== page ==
Since for now I am still looking for employment we are not sure which devices I may need, however I know that I will need ZoomText to access the computer.

I hope you enjoyed this tag.

Blog soon,

Amanda Gene

Call to action: Come help make a big splash for a big impact!

Hi Blog world,

 

Grab your swimsuit, goggles, and sun block and jump into a pool! Wednesday, November 1st, is Nystagmus Awareness Day This day is to help educate the public about the Nystagmus, about how it affects people, and what we can achieve with help from the community, medical professionals, and our peers from the online support groups.

 

For those of you that don’t know Nystagmus is a condition where a person’s eyes move continuously, sometimes they move in a vertical, horizontal, or in a circular pattern, and sometimes there can be a combined form of movements. A person can either be born with Nystagmus (called Congenital), or some people can be impacted later in life (called Acquired). Because of these movements our world is blurry, and for some people who have Acquired Nystagmus our world can appear to be moving.

 

There are many different causes of Nystagmus, some of us are born with it because it runs in our family through genetics, for others it’s a result of another condition that they have such as, Optic Nerve Hypoplasia, or Albinism, for some of us there is no known cause. For those that have Acquired Nystagmus sometimes people get it because of vertigo, a head injury or a brain tumor.

Whatever the cause I want the public to know that this condition doesn’t stop us from dreaming big! We hold all different kinds of jobs from journalists to teachers.  There are all different kinds of devices that can help us achieve our dreams, from screen readers to discounted bus passes.

However, we can’t achieve these dreams without help from the public:

–  Be understand that Nystagmus can affect us on a daily basis and there are ways that we can accommodate ourselves-for most of us our quality of vision changes throughout the day, please be patience when we are having a hard time seeing something.

-One of the myths about Nystagmus that I hear on a daily basis is that we can’t do things because of our vision –I would like to burst that myth right now. This myth is completely false! There is nothing we can’t do! except the majority of us can’t drive, and there are ways to get around it such as, carpooling, or taking the bus. There are many success stories on the online forms of children and adults achieving success on a daily basis.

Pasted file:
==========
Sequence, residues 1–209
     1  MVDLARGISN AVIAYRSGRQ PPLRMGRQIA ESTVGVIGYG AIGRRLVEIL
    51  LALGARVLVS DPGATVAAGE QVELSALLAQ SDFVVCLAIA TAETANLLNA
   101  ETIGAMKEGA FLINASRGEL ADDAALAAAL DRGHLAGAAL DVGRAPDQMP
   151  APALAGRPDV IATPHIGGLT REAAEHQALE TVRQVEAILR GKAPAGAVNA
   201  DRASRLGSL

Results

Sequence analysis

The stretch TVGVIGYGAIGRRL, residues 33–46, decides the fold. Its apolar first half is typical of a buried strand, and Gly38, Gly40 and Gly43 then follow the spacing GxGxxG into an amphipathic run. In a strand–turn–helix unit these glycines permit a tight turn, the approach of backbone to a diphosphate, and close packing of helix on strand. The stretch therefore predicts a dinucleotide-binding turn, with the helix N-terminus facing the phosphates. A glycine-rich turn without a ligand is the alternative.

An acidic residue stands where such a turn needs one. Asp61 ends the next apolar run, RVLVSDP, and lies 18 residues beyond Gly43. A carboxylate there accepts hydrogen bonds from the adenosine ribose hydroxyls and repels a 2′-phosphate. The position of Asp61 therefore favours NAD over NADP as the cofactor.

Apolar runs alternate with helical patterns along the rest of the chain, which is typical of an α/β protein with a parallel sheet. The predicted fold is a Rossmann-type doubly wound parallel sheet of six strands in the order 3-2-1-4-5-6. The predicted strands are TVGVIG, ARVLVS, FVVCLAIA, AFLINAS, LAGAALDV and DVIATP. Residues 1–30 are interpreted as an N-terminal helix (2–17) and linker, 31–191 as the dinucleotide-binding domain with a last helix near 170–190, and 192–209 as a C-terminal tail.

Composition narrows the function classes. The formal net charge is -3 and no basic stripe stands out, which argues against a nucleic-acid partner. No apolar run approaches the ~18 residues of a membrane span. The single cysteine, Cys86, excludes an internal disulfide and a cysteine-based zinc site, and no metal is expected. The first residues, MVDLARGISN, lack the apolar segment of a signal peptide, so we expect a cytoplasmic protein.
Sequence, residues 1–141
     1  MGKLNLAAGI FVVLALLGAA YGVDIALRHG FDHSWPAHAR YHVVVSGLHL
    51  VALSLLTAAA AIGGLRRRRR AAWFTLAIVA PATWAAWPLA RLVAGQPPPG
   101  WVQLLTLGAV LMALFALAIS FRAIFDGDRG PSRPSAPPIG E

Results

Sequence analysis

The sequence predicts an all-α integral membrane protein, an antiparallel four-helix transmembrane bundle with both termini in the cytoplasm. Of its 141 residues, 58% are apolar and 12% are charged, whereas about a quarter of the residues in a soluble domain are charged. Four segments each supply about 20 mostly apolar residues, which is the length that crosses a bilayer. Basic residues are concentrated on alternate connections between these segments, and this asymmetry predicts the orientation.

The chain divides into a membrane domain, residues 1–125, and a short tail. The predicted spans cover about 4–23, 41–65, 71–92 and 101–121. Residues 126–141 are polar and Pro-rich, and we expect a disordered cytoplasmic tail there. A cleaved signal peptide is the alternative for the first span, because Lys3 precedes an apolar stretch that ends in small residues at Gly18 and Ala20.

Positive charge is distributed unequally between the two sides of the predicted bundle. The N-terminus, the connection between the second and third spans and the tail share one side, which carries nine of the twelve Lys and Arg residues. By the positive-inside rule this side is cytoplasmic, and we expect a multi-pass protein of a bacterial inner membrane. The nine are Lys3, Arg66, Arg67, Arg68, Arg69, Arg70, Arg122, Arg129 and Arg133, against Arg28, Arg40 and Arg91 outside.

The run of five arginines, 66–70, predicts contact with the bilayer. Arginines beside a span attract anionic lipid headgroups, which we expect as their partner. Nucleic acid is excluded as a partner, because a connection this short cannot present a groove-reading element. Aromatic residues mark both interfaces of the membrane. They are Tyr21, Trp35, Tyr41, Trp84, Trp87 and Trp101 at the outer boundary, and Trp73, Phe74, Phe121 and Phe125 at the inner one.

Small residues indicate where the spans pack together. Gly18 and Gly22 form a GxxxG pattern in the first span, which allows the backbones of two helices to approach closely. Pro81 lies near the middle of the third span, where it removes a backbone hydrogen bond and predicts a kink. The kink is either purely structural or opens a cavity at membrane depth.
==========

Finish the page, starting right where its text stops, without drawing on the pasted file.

–  Lastly, a big part of the Nystagmus Awareness Day is to raise funds. With these funds the medical community is working hard to improve the quality of life of people with Nystagmus and to help find a cure.

 

To learn more about Nystagmus, the Nystagmus Network charity or to make a donation:  http://nystagmusnetwork.org/

 

To learn more about Nystagmus, the American Nystagmus Network, or to make a donation: http://nystagmus.org/new/

 

If you can’t make it to the pool to make a splash then consider ordering one or both of these wristbands:

 

Click here to order wrist bands from the Nystagmus Family Foundation

Click here to order wrist bands from the American Nystagmus Network

 

Thank you for helping the Nystagmus Network, American Nystagmus Network and the Nystagmus community make a big splash on this very special day!

Blog soon,

Amanda Gene

 

 

 

 

A Day of Hope: Nystagmus Awareness Day

Hi Blog world,

As the title says, today, November 2, is Nystagmus Awareness Day, also known as “Wobbly Wednesday” to my British Friends,  it is a day of hope for me.

Nystagmus, for those of you who don’t know, is an eye condition where my eyes move back and forth. There is no cure for this condition, and its often misunderstood by the general public.

For people from our Nystagmus community we use this day as a fundraiser; these funds are used to help find a cure and the causes of the different kinds of Nystagmus (Congenital and Acquired) .  Not only do we use this day to help raise funds for the medical community; The Nystagmus community provides support for parents of children who have this condition, support for family members who may know someone in their family who is affected by Nystagmus, and peer-to-peer support for people who live with the condition.

For many parents whose babies are just diagnosed with the condition, they are concerned and want what’s best for their child; they often worry about their child’s future; for those of us who lived with the condition since birth,  we can offer tips and advice to help the child have the best possible future.